IB: What resonates in international markets is quite simply a good story, and they can come from anywhere. Canada has amazing creative talent, so we have every expectation of finding more and more undeniable Canadian stories to bring to the world.


PB: Netflix recently established a long-term presence in Canada through lease deals with Toronto’s Pinewood Studios and Cinespace. Do you plan on bringing more production to Canada?

IB: Canada’s one of our favourite production locations. The local talent in front of and behind the camera is top notch. That’s why we are investing heavily in Canadian production with a real long-term focus.

In addition to [Pinewood-shot] Let It Snow, recent Toronto projects include dance film Work It and Vincenzo Natali’s adaptation of Stephen King and Joe Hill’s In the Tall Grass.

We also shoot in Vancouver – To All the Boys I’ve Loved Before, Always Be My Maybe, 1922, Game Over, Man! and Michael Dowse’s upcoming Coffee & Kareem were filmed there, for example. And of course in Quebec, Alberta and other regions.

Other films that we’ve previously shot in Canada include How It Ends (Winnipeg), Hold the Dark (Calgary and Kananaskis Country), The Holiday Calendar (Northern Ontario), In the Shadow of the Moon (Toronto), Polar (Toronto), Good Sam (Montreal, pictured left), and The Christmas Chronicles (Toronto).

PB: TIFF is well known for having enthusiastic audiences. How important is their reaction when Netflix is weighing the potential viability of an acquisition?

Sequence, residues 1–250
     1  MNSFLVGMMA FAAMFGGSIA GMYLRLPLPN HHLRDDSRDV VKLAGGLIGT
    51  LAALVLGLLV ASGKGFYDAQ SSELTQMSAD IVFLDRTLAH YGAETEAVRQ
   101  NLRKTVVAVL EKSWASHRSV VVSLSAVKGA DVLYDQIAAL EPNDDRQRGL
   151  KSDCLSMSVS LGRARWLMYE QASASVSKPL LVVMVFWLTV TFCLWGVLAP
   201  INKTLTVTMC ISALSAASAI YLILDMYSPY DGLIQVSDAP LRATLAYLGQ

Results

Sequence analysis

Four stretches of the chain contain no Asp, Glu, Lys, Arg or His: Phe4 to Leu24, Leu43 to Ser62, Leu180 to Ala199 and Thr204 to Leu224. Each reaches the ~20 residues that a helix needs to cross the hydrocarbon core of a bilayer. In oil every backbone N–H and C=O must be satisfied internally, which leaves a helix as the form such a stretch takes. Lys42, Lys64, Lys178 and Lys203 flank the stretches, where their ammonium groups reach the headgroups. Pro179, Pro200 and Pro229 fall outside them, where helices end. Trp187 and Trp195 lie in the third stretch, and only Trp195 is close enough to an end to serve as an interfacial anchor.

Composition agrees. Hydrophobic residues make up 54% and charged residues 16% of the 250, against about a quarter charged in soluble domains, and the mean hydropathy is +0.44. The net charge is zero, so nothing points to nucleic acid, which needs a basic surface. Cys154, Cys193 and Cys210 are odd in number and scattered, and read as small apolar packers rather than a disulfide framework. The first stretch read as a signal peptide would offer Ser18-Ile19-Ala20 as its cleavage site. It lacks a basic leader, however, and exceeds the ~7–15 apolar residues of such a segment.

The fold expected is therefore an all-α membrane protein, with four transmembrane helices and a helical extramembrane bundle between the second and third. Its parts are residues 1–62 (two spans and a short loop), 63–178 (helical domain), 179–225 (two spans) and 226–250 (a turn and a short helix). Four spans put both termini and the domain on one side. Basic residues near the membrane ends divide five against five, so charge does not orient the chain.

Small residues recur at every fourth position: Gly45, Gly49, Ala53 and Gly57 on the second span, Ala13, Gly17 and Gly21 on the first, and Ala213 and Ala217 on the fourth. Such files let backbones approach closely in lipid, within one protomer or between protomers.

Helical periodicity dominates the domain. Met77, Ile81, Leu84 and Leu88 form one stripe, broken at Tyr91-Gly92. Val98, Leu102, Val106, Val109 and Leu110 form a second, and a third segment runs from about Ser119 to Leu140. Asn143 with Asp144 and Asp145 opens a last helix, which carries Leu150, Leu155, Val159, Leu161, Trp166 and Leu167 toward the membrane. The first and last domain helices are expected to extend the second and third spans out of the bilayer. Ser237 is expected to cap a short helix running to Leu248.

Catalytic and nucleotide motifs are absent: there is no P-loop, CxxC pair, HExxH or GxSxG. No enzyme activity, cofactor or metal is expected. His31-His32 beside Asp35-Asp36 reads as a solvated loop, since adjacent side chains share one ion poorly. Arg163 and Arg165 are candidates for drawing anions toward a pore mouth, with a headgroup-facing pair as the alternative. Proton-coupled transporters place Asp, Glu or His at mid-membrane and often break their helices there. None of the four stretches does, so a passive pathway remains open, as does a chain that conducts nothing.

IB: Many of my personal all-time favorite festival screenings have been with passionate, film-mad TIFF audiences. We want to be the home for films that our members around the world are going to love, so clearly films that get a great TIFF audience response are going to catch our eye. But, also remember that some films are going to resonate differently around the world – we’re always thinking about that.

PB: What are some of the trends in the film space that excite you at the moment?

IB: We’re always on the lookout for more diversity in front of and behind the camera; more truly original stories that hold their own alongside great book adaptations and iconic IP; as well as opportunities to bring back other beloved genres in the same way we contributed to the return of the rom-com.

PB: Both for acquisitions and commissions, what kind of budget ranges does Netflix work within?

IB: We make and acquire films at every budget level, from intimate character-driven dramas like Paddleton or Private Life to big blockbuster action films like 6 Underground.

PB: How can Canadian producers and filmmakers catch your eye, and what’s the best way to approach you?

IB: Like most studios, pitches come our way from the talent representatives who approach us on behalf of writers, showrunners and filmmakers with stories to tell. We acquire films at festivals, we adapt projects from books we’ve read and our executives attend pitch events. We had a great experience at our pitch days in Quebec last year and plan to do more of them soon.

This story originally appeared in the Fall 2019 issue of Playback magazine